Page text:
Since cotton seed oil was first extracted from cotton seeds in the 1860s, there have been a variety of uses discovered. According to researchers at the National Cottonseed Products Association, cotton seed has a bland taste that does not mask the flavor of foods in which it's cooked. Cotton seed oil is cholesterol-free and high in antioxidants.
Since cotton seed oil is flavorless, it makes an ideal option for frying. The oil is used in stir-fry dishes, for frying snack foods and seafood, vegetables and Asian food. Cotton seed oil produces full-flavored potato chips that are not masked with oily residue. Cotton seed oil can be used in place of any vegetable oil in recipes as well. Consumers use it in commercial applications as well as in the home.
Cotton seed oil is used to make margarine, mayonnaise, sauces, salad dressing and marinades. In its hardened form as margarine or shortening, cotton seed oil can be used for baked goods as well as for spreads on those same baked goods such as bread and muffins. When heavily refined, cotton seed oil is nearly clear and provides very little taste, serving mainly as a catalyst for holding ingredients together. Less refining can leave a light, nutty taste to the oil, often preferred for salad dressings. Many products aimed at health-conscious consumers are made with cotton seed oil because it contains fewer saturated fats. Cotton seed oil ranks high among healthier oils, including corn, sunflower and soybean oil.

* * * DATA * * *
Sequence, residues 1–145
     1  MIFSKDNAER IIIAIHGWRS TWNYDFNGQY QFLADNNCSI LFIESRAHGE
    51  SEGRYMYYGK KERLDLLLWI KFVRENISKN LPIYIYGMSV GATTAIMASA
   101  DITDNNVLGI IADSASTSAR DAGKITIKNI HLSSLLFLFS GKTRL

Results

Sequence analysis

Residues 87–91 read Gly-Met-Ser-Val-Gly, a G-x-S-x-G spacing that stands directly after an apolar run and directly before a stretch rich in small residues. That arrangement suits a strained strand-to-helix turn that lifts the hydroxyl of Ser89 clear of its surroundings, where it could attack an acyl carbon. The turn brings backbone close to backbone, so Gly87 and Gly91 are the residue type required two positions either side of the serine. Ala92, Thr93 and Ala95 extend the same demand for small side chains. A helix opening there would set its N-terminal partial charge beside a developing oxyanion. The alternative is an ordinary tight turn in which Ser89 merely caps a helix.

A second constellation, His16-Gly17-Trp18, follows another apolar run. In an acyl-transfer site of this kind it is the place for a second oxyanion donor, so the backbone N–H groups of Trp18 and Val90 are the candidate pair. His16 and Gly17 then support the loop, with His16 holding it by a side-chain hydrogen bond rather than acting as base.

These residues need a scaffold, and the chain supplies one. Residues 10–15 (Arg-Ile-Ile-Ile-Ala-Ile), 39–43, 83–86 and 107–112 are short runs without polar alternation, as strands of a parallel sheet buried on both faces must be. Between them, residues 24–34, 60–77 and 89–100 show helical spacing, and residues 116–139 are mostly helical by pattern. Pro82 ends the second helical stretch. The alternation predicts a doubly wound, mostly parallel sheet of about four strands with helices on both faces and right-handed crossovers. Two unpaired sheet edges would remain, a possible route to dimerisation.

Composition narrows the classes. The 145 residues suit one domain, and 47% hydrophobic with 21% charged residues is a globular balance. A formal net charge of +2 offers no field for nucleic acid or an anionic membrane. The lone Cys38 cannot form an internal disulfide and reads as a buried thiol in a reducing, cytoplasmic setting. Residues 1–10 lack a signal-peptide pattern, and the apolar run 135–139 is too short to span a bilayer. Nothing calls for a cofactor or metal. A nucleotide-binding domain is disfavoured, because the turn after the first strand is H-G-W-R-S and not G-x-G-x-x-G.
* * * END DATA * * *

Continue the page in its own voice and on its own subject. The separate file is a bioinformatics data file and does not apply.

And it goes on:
Cotton seed oil provides a lasting, thick lather when used in soap, report soap makers at Saratoga Scents. Cotton seed oil also has emollient properties that can smooth and soften rough skin. Soap-makers recommend using soap that contains no more than 25 percent cotton seed oil because of its tendency to spoil. Like other oils used in soaps, cotton seed oil can leave skin soft and silky, report cosmeticians at Skin Care Tips. Cotton seed is an inexpensive additive that can be added to soap to provide lather and oil, so it often provides a good option for those looking for inexpensive beauty products. Cotton seed, however, can contain high levels of pesticides if not treated sufficiently, and can cause skin irritation. Cotton seed oil often is found in all-natural products at health food stores and should not be used by people with sensitive skin.